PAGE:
Chemotherapy drugs, the first line of defense for a common form of adult leukemia, could actually be contributing to the disease’s rate of relapse in patients.

The findings are part of a study out of the Washington University School of Medicine in St. Louis, published Wednesday in the advance online edition of Nature.  The researchers took samples from eight patients diagnosed with acute myeloid leukemia (AML).  Patients with AML who don’t receive chemotherapy usually die within a few months.  

But out of the patients who do receive chemotherapy treatment and go into remission, about 80 percent relapse and die within the next five years.

“The purpose of this study was to try to begin to understand what happens at relapse,” Dr. Timothy Ley, co-author the study, told FoxNews.com.  “Does the tumor change? Does it evolve? Is it even the same tumor coming back?”

To obtain their results, Ley and his team had to do quite a bit of genome sequencing – constructing the complete DNA sequence of a person’s genome.  They sequenced three distinct genomes of each patient: Normal healthy genomes from the patient’s skin, genomes after they presented with leukemia, and genomes after the patient received chemotherapy drugs and eventually relapsed.

“Every time the tumor comes back, it’s got a few new mutations added on to the original tumor.  Not a huge number, only a few dozen new mutations that are tacked on.  We think a tiny handful of those might be relevant for the tumor’s ability to come back and be resistant to treatment.”

- Dr. Timothy J. Ley, co-author the study

The researchers sequenced the genomes of the cancer cells nearly 600 times each, significantly increasing the accuracy of their findings.  They eventually were able to create a timeline of how the cells mutated over the course of the patient’s diagnosis.

“What we found surprised us.  For one thing, the same tumor always comes back - always with a twist,” Ley said.  “Every time the tumor comes back, it’s got a few new mutations added on to the original tumor.  Not a huge number, only a few dozen new mutations that are tacked on.  We think a tiny handful of those might be relevant for the tumor’s ability to come back and be resistant to treatment.”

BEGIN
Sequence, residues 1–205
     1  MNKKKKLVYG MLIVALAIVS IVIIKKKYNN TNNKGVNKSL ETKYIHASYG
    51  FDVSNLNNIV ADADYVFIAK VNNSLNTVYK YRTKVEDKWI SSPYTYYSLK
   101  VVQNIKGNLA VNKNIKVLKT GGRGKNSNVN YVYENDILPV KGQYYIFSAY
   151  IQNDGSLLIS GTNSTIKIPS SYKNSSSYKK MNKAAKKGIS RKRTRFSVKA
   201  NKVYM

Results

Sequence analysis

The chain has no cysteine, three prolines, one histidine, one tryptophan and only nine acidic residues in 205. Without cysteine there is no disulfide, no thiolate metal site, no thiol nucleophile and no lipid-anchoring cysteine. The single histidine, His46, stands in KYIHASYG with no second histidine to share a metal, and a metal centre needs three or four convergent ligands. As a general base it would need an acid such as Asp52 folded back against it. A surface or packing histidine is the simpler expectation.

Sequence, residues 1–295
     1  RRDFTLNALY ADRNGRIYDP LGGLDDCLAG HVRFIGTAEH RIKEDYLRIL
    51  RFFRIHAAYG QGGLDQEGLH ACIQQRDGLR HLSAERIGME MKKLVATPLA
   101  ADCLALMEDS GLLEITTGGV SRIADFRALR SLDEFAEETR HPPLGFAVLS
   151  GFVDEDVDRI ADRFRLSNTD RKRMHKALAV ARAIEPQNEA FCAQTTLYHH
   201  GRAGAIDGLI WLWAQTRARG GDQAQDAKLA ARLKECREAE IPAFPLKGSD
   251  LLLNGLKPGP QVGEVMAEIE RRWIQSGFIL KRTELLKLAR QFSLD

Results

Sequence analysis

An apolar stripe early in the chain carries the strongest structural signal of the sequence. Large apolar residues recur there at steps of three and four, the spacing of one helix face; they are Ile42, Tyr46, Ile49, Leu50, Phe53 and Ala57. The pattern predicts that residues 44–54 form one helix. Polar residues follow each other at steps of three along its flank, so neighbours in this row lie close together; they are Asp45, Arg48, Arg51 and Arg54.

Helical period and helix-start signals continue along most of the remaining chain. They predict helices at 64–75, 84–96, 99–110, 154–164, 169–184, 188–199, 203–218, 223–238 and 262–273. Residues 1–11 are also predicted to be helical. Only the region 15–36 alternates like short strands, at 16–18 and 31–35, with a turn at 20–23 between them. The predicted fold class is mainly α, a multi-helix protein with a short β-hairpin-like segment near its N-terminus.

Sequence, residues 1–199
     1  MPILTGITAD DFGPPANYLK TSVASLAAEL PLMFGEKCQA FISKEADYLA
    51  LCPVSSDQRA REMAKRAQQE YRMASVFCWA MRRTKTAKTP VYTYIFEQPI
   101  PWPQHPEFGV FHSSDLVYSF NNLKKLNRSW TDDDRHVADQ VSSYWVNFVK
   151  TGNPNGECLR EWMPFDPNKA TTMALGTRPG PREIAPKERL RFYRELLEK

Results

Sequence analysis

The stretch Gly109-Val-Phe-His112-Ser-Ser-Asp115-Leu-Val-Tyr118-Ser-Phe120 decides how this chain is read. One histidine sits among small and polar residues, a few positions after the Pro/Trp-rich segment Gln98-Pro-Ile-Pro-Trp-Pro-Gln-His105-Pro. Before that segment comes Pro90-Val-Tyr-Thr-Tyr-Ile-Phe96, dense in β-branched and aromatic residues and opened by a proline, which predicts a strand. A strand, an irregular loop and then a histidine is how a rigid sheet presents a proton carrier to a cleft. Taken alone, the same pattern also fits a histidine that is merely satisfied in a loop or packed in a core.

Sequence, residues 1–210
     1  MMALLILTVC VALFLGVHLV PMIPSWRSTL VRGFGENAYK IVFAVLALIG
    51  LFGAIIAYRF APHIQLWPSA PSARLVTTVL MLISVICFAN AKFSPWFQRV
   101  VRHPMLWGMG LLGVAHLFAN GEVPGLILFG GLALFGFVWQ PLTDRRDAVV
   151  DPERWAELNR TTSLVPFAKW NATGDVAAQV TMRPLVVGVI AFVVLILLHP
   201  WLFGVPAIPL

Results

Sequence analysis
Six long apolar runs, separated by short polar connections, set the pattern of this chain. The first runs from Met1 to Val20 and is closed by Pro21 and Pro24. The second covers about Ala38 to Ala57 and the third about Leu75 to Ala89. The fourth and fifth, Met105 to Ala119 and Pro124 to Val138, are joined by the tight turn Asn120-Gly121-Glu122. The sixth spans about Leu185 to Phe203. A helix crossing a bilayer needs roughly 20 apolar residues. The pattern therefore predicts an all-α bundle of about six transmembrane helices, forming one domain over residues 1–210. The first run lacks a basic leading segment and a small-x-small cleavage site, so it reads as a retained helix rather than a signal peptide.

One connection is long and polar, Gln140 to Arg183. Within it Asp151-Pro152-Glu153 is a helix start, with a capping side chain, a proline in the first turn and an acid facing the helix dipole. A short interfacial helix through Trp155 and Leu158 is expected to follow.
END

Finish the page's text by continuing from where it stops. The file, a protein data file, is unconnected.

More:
And those handfuls of new mutations were linked to the patient’s treatment.  In order to combat AML, chemotherapy drugs cause damage to DNA of both cancerous and healthy cells.  The researchers discovered that of the new mutations that surfaced with the return of the tumor, many contained DNA damage.  

These alterations, known as transversions, were much higher in patients who relapsed than those with the original tumor—meaning the chemotherapy drugs the patients received to combat their original cancer were very possibly bringing about those patients’ relapses.

Another major finding from the team was that there were differing patterns of evolution of the cancer cells linked to AML relapse.

“Some of the tumors really only had one major population of tumor cells.  Others had a single major one and minor ones that were derived from it—they’re called subclones,” Ley said.  “And the behavior of these subclones was surprising.  Some of them were eliminated by the therapy but sometimes a very small one would be the one that would come back, that relapsed, and be lethal to the patient.”

No matter what, the chemotherapy drugs were unable to kill the founding clone that established the original tumor and all of the patients relapsed.  While the results of their research are staggering, Ley doesn’t want patients to quit seeking chemotherapy treatment.

“Without the initial chemotherapy, all of these patients would be dead in a few months.  We know that from history,” Ley said.  “So the therapy that we use, even though it has problems, it’s necessary at this point.  But we need to improve it because it’s contributing to the relapse.”

Instead of swaying patients against getting chemotherapy, Ley and his colleagues hope to use these results as further evidence for the need for targeted therapy for cancer treatment— formulating specific treatments for each unique mutation that causes every different kind of cancer.

“It’s just a reminder I think to everybody what the focus needs to be on,” Ley said.  “Step one is to find all the targets, step two is to develop thoughtful approaches to hit those targets. Because therein lies the ultimate solution.”